With the WHL not starting on time due to the pandemic, Hughes went to the USHL and got consistent second line center time. He didn’t put up massive points but that’s not particularly his game. He’s an extremely hard working, physical player that you can trust in every situation. He certainly has the ability to put up points but he brings value in all the little areas. He needs to put on more weight and once he does that he’ll be even more of a puck hound. See a lot of Jay Beagle in him.


Benton Maass, 22yo, RHD
22GP - 2G - 2A - 4PTS
6’2” 205lbs

After a fantastic Freshman year (17 points in 34 games), Maass has put up 20 points total his last three seasons (84 games) in the NCAA. He opted to go back to college for his last season. He’ll need to have an absolute monster of a season for the Capitals to probably sign him. If not, hard to see the Capitals using a contract spot on him.

Mitchell Gibson, 21yo, G
6’1” 187lbs

Due to the pandemic Gibson didn’t play a single game this season, which is a shame after a good Freshman year at Harvard. Hopefully he doesn’t lose a step when the season starts up in the Fall.


Hendrix Lapierre, 19yo, C
21GP - 8G -23A - 31PTS
6’0” 181lbs
9GP 5G 7A

Lapierre had about an inconsistent season as you can have, and no I don’t mean that for production, I mean it for things out of his control. First let’s start with the best news: Lapierre stayed 100% healthy the whole season. Lapierre was considered a top 10 even top 5 talent his draft year but due to multiple head and neck injuries he slipped to the Capitals. The fact he didn’t miss a game this season due to injury is the first step in Capitals potentially getting the steal of the draft.

The inconsistencies he faces were in scheduling and position. Let’s talk about scheduling first. Due to COVID, the QMJHL moved some of its teams into a bubble. The teams spent a couple weeks playing then a couple weeks off and it switched like that through the whole season. Let me break down:

  • 10/2-10/11 - played four games
  • 11/1 - played one game
  • No games in December
  • 1/30-1/31 - played two games
  • 2/17-2/28 - played four games
  • 3/2-3/7 - played four games
  • 3/19-4/2 - played 10 games

That’s just a wild schedule that must make it difficult for any player to get any type of consistency.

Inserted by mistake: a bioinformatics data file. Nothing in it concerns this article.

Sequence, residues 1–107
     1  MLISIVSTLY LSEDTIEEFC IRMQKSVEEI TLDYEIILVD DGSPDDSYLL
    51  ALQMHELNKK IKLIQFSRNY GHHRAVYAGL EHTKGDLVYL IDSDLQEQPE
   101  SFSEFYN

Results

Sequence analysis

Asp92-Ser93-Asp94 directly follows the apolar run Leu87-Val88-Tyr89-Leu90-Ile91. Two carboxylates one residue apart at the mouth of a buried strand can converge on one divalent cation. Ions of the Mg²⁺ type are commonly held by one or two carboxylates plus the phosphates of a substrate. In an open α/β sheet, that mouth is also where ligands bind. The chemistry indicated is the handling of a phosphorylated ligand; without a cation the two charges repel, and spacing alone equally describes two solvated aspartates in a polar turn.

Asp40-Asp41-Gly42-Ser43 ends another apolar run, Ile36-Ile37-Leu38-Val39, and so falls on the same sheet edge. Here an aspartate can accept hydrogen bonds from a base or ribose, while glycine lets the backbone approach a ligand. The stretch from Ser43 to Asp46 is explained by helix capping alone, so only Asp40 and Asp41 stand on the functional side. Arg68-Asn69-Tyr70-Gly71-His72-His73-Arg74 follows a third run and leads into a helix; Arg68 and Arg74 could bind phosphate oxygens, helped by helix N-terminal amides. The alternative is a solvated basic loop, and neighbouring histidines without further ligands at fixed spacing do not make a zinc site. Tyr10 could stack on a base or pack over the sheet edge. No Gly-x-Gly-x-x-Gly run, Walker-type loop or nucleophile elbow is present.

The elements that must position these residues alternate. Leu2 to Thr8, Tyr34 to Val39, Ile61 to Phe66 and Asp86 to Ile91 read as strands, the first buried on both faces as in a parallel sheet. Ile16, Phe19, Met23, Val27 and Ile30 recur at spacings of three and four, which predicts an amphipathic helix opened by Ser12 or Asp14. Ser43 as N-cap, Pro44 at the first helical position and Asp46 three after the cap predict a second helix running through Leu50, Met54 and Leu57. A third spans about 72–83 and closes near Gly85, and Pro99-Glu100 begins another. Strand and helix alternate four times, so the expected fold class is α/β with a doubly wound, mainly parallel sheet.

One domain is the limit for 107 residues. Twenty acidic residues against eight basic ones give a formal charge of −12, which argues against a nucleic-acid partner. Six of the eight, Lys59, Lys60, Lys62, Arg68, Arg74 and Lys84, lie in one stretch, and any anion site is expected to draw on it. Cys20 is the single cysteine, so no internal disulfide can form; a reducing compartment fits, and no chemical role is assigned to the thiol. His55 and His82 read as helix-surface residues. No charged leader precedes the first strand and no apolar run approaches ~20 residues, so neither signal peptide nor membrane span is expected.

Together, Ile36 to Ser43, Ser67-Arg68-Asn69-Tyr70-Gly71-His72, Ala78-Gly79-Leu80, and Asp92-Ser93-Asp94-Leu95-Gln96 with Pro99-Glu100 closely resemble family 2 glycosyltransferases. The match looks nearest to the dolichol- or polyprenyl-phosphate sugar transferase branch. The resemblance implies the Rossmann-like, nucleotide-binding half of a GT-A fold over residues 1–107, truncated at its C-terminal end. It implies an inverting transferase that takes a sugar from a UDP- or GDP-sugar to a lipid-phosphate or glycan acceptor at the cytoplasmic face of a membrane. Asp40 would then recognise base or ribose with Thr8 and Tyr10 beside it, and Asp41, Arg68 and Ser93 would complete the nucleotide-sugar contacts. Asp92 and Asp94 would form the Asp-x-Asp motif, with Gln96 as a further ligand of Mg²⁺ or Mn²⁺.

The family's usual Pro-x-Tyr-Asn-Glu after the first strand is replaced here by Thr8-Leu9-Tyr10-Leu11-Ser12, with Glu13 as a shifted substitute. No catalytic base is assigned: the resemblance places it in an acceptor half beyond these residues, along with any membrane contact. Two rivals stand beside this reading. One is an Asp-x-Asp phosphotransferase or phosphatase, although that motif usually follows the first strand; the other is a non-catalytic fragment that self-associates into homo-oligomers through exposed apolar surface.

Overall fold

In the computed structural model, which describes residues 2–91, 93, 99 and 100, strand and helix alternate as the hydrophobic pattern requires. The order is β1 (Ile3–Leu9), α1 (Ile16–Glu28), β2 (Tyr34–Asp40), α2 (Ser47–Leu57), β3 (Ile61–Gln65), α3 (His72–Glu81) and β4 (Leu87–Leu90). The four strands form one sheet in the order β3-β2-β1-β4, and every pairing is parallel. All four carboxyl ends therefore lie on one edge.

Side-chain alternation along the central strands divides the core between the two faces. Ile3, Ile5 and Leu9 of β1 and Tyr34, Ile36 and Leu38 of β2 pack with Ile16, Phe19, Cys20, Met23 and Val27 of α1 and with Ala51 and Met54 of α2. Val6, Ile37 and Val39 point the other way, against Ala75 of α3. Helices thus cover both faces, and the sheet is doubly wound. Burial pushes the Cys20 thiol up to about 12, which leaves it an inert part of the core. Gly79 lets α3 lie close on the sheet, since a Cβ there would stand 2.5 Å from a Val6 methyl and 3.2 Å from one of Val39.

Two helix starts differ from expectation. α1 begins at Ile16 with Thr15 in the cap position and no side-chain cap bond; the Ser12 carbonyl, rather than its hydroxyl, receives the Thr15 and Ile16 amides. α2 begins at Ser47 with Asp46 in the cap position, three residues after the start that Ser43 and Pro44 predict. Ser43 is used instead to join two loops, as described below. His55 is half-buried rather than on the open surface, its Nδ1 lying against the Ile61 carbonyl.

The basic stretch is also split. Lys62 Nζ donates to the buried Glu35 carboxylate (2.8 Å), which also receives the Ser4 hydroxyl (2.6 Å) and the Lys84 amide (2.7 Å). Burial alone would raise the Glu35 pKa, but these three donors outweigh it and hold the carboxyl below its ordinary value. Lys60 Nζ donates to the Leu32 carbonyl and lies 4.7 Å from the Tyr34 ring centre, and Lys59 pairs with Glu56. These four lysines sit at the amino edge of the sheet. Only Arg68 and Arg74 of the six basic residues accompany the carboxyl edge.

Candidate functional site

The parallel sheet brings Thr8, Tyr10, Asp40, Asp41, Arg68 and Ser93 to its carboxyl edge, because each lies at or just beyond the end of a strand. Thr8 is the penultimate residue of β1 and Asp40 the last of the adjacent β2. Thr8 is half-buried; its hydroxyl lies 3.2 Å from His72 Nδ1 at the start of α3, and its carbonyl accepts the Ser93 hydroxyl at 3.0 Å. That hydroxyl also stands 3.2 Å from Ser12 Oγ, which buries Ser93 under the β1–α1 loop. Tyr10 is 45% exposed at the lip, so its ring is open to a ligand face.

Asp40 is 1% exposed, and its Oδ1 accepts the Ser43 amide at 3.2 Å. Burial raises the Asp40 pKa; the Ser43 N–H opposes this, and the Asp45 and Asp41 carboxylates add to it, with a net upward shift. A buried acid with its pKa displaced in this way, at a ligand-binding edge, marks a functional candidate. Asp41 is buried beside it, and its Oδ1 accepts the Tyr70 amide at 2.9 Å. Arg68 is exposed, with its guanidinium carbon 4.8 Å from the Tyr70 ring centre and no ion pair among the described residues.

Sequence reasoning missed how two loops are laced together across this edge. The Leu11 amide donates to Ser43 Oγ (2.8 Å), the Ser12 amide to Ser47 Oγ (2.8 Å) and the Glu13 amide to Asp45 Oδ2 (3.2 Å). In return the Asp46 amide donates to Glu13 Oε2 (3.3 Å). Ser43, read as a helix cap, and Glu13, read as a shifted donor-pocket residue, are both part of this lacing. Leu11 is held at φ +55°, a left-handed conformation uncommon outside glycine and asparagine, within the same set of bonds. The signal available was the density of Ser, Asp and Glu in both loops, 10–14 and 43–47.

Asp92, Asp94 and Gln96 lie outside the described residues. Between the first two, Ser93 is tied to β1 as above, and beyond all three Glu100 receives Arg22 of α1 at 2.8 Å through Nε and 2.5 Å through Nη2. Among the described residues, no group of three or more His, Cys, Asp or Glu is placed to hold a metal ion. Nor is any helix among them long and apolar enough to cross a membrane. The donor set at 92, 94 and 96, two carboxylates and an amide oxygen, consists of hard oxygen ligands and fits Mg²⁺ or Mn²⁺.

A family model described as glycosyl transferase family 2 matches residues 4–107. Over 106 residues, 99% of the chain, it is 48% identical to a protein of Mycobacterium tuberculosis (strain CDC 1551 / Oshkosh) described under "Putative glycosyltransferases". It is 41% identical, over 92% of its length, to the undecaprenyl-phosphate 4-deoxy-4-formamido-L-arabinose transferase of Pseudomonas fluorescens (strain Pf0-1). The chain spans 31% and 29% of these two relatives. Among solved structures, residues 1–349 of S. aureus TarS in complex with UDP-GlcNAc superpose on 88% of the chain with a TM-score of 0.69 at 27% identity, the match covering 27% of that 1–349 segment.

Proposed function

But that isn’t the end of it. It wasn’t just scheduling inconsistencies but positionally as well. Lapierre is a center and started it that way, but eventually moved to the first line left wing, then spent a game as the third line center, then third line left wing, then back to top line left wing. All of that when he’s most affective as a center due to his playmaking abilities.

These aren’t excuses to cover up a bad season, he had a very good season. His 1.48 points per game was fifth in the QMJHL among U20 players, it’s just that he probably has a much better season with more consistent scheduling and sticking to center.

Next season will probably say a lot about what Lapierre’s potential will be. If he can stay healthy, stick to center and assuming there won’t be another global pandemic, he should have a monster D+2 season. He has number one center potential, it’s just a matter of proving it.

Garin Bjorklund, 19yo, G
AJHL: 4GP - 2.73GAA - .936sv%
WHL: 18GP - 2.60GAA - .921sv%
6’2” 179lbs

As stated before, anytime the Capitals draft or sign a goalie, you just have to assume they are on to something until proven otherwise. Bjorklund had a strong season in the WHL with his .921sv% was tied for third in the whole league and tied for second among all U19 goalies, the only guy better was Sebastian Cossa, who will be a top goalie taken off the boards this summer in the draft. Reminder that Holtby had a .910sv% in his D+1 WHL season. No, not saying he’s the next Holtby, but just showing you don’t need huge amazing numbers as a goalie in order to be something great. He has a couple more years in junior before going professional.


Hunter Shepard, 25yo, G
ECHL: 20GP - 2.58GAA - .922sv%
AHL: 3GP - 1.00GAA - .969sv%
6’1” 209lbs

I’m adding this in because Shepard should be signed by the Capitals. He was signed to a AHL/ECHL deal with the Bears and Stingrays and he’s been all sorts of impressive. He had a strong start to his ECHL before getting hurt. When he got back from injury it took him a bit to get back to his usual self so his stats kind of suffered but he still put up some good numbers overall. Note that the ECHL is still playing, their season ends 6/5.

Where he really showed off was in the AHL, pitching a shutout in his first game. He only played three games for the Bears but he looked top tier. He isn’t a huge goaltender but he makes it up with his smarts and athleticism. Some team is going to sign him so it might as well be the Capitals to keep their goaltender depth strong.